Dave House has been a part of the UK punk scene since the late 90s, both as a solo artist and in various punk bands, including, most recently (and currently) Pacer. Everyone Is Happy Now is Dave’s first release under his new guise of Permanent Record. The album was written, recorded and produced by himself in his own home between 2013 and 2016. Although the work of the same man, the music has taken a leap forward from his previous solo releases hence why he felt the need to change his ‘name’.
Everyone Is Happy Now starts off with a song called Ten to Two. The drums and bass kick in first for about 20 seconds, before Dave’s vocals and some melodic piano begin. It’s a fairly slow paced track with a lot of layers musically that build throughout the song. It’s clear to see, even just from the first track, how different this is to Dave’s previous solo releases. There is a definite sense of progression.
Ten to Two finishes and track number two, Brave New World, starts immediately with some melodic guitar. Whatever effects Dave has used for the aforementioned guitar even gives it a sort of dream-like sci-fi feel – you know, like the title of the song (maybe that’s just me getting carried away…). Although by no means a fast punk song this song seems to have more pace to it, complete with a more uplifting and positive feel.
I Can’t Believe You’re A Fireman is one of the tracks that has been streaming ahead of the album’s release, possibly because it features the title of the album within its lyrics. ‘Everyone is happy now, Facts like these don’t change. There’s nothing missing from our lives, Nothing I’d exchange.’ (On a little side note: I love it when a song on an album has the album title in its lyrics without just being a ‘title track’.) Like Brave New World, the song also has a positive energy with an almost pop punk or indie pop sound.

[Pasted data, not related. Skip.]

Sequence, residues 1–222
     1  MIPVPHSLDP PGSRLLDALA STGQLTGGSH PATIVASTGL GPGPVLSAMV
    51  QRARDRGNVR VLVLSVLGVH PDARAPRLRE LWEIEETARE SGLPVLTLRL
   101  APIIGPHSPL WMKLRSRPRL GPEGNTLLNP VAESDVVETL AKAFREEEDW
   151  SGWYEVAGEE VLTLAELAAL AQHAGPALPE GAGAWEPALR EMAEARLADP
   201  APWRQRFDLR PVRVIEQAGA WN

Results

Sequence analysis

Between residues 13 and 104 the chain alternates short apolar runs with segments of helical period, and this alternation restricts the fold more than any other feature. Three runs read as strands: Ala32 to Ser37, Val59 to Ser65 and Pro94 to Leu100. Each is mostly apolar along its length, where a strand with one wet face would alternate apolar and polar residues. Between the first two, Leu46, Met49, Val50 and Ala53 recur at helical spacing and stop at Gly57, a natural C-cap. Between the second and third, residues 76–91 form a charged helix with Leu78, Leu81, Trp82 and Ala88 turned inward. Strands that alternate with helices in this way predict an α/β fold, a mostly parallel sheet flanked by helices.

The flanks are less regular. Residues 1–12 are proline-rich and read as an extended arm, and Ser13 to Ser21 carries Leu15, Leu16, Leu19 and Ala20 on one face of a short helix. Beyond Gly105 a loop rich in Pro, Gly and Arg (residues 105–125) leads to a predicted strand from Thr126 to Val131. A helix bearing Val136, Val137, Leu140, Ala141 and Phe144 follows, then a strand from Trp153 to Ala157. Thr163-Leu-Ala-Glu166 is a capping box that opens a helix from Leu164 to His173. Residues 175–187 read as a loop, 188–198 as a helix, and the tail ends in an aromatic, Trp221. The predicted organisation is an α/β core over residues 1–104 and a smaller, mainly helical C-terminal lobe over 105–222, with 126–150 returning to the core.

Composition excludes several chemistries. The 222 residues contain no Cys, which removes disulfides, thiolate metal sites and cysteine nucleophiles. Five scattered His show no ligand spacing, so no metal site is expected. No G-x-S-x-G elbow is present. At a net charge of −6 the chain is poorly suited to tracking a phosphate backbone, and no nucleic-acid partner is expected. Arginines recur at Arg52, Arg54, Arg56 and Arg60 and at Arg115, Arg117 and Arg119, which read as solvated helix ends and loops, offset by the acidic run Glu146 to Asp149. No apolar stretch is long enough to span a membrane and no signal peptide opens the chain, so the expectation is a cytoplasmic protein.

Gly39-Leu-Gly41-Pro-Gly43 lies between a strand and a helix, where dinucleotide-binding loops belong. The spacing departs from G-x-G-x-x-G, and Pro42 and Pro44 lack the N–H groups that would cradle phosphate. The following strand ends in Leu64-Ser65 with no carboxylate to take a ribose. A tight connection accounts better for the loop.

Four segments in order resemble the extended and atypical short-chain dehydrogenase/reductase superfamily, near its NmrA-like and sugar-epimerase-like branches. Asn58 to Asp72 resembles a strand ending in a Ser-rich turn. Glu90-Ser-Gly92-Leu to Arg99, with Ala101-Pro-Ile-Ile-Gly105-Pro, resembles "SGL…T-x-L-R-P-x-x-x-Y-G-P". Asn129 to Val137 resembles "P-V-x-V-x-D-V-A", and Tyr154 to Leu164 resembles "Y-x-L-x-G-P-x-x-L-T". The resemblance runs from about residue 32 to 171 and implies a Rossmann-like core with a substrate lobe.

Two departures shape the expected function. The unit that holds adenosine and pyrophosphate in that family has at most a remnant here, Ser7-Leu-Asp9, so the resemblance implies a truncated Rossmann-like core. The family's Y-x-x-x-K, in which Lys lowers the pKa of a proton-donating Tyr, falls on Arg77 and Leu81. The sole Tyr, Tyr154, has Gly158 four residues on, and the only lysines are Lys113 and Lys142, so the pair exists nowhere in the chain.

The next song, Instrumental Number 1, is as the title suggests a purely instrumental track. It develops the melodic instrumentation that has already been shining through on previous tracks and provides a moment of pause between songs. Although, unusually for an instrumental interlude, we are not yet halfway through the album. The track further confirms something I’d been considering with the first three songs – Permanent Record sounds quite like Death Cab for Cutie… to me, at least. That might sound like an odd comparison for Colin’s Punk Rock World, but I don’t think it’s a bad thing!
The fifth song on the album, White Rabbits, is in my opinion one of the best on the album. It’s one I remember hearing live when Dave supported the Barnett Brothers at the Cricketers, in Kingston, earlier this year – because it’s so darn catchy. Lyrically it’s a song that most of us can relate to, about being anti-social whilst engaging with social media. ‘I wake up to check the news, And by news I mean feeds. More anti-social timelines that should mean nothing to me. I picked up a bad habit, For chasing white rabbits.‘ I could go on quoting more of the brilliant lyrics but I’d just be writing out the whole of the song.
The Vision, although not purely an instrumental track, has a full minute and a half of mesmerising instrumentation before the vocals begin. Unsurprisingly this is the longest track on the album at just over 5 minutes long, but that doesn’t mean that it drags. As with many of the songs so far, The Vision has a really sense of progression throughout. The song is about getting older and dealing with how you drift apart from certain people or scenes. But, again like much of the album so far, Dave doesn’t reflect negatively to these feelings. ‘I used to understand how it felt to be part of something, Now I can’t remember when I was part of anything. I used to know my friends, But now could I say that’s true? We’ve moved in different circles, Unraveling a loop. Age happens to the best of us…’